The current webinar is free, but donations to benefit Crawford House are welcome and will be very helpful. Those interested can register at eventbrite.com, Preserving Summer Harvest Event.
After months of coping with the business effects of COVID-19, Kim and Amin Rizk and Kathy Klockenbrink look forward to when they can again offer indoor dining, but in the meantime, they welcome customers to dine outside, where 20 to 25 can be accommodated. Takeout is always available.
In addition, they are now providing special prepared meals to go: Friday Night BBQ and Small Business Sunday Brunch. Pre-orders will be taken. Catering and private party services are also available.
Jammin’ Crepes has been a positive experience from the beginning for all involved — owners and customers alike.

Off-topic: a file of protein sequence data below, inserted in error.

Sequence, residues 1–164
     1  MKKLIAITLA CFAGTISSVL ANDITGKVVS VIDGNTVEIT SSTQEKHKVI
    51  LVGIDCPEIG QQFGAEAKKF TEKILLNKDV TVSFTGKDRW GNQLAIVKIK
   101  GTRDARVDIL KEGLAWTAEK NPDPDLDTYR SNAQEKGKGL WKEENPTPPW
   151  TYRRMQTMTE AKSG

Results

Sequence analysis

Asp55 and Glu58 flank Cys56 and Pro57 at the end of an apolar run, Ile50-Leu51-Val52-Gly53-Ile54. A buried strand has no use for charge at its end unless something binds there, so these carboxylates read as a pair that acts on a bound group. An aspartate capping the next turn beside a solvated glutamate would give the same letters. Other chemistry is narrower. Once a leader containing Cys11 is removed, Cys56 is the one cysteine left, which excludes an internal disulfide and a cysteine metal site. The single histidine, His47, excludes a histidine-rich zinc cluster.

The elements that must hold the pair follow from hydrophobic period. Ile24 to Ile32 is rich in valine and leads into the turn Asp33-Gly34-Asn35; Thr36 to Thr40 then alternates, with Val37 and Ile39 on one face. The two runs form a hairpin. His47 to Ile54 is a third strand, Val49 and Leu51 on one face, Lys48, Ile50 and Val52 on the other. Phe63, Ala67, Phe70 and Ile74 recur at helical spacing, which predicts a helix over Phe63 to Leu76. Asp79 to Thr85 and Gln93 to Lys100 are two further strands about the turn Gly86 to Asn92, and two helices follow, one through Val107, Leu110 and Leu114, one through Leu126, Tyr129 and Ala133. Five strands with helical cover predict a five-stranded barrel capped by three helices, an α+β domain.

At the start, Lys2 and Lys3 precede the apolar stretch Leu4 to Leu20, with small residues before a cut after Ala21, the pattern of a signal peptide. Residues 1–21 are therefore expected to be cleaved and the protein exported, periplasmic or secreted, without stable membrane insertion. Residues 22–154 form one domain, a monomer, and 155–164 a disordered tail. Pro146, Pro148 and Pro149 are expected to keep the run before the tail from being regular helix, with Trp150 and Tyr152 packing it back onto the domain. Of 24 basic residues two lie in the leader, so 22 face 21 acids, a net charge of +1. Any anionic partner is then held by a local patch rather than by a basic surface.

“We were surprised at how much the community appreciated us right away,” says Klockenbrink. “Now, I really look forward to getting back into our creative mode and continuing to evolve. I so much enjoy the interaction with customers and our staff. Many of the staff members have been with us from the start.”
Adds Rizk, “This is such a great community. People have given us a wonderful reception, and we can’t wait to open our doors and welcome them back inside. They enjoy the farm-like setting, and they like to sit at the counter where they can watch us make the crepes.
“We look forward to being here for our customers for a long time to come!”
Jammin’ Crepes is currently open Tuesday through Sunday, 9 a.m. to 4 p.m. (609) 924–5387. Website: www.jammincrepes.com.